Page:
The political and policy-based implications of the new Secretary of State for Education.
A combination of apathy and the British electoral system makes it a losers' charter, according to a new report.
Rather than worrying about the name of the place that teaches children, the government should focus on the shortage of people to teach them in the first place.
New research shows that those who do the best apprenticeships will earn higher salaries than graduates, but government targets undermine the quality of such schemes.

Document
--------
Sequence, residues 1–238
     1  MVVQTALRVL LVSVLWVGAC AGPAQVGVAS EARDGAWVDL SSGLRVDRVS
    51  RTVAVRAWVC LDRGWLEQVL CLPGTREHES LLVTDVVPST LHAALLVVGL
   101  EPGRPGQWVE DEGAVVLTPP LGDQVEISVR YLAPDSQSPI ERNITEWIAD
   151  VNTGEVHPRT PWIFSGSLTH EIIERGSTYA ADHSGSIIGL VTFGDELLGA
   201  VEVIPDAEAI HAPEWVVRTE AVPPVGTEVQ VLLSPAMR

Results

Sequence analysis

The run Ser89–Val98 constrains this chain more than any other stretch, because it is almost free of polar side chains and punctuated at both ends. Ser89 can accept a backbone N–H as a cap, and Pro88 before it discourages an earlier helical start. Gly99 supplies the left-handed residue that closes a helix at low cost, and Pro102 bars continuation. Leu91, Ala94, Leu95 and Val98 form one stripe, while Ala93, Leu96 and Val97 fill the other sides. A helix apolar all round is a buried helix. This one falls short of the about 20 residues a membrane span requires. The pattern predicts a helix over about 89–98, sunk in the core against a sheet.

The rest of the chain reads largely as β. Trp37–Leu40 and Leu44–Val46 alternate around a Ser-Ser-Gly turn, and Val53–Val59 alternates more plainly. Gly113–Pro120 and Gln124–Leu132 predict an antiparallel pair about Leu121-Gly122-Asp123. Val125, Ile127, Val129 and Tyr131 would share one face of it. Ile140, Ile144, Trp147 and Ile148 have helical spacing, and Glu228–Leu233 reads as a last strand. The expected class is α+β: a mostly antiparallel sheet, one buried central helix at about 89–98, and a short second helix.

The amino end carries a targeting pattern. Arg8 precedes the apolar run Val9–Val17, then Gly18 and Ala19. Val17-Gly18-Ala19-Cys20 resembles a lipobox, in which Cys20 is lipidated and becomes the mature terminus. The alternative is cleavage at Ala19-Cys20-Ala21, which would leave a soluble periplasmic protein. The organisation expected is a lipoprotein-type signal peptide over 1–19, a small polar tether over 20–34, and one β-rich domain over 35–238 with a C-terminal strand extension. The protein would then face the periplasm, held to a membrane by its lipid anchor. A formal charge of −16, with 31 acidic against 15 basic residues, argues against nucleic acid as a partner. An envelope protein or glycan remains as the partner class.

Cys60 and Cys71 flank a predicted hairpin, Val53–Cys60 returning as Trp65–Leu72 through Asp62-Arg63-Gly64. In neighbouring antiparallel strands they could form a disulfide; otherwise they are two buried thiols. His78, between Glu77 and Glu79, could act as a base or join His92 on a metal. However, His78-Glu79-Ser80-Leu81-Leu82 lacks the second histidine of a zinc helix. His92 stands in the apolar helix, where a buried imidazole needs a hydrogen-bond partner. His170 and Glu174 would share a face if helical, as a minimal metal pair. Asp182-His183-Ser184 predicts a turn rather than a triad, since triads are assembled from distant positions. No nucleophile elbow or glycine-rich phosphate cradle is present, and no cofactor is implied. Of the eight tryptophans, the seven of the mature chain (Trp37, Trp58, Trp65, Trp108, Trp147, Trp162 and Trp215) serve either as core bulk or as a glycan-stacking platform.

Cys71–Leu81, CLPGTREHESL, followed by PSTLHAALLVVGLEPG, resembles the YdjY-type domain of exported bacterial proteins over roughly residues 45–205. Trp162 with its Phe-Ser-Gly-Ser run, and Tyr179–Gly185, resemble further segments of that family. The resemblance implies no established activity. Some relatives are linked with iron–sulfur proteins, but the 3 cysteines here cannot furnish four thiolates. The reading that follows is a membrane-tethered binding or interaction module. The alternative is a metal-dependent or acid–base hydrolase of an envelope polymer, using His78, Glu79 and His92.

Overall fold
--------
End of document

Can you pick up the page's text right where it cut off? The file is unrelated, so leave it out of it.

The Messianic restlessness of the justice secretary.
Unpicking the new Labour leader's regressive tuition fees policy.
A false choice between having your child be the oldest in their year or the youngest is no kind of choice at all.
Finishing The Shepherd’s Crown was a double sadness: not just goodbye to Terry Pratchett, but goodbye to a younger, less cynical version of myself.
Teachers and pupils alike will feel the pressure if a new scheme goes through, warns Joe Fell.
My sixth form was transformational for me, and I'm not alone, says Christobel Hastings.
The cost of university remains a price worth paying.
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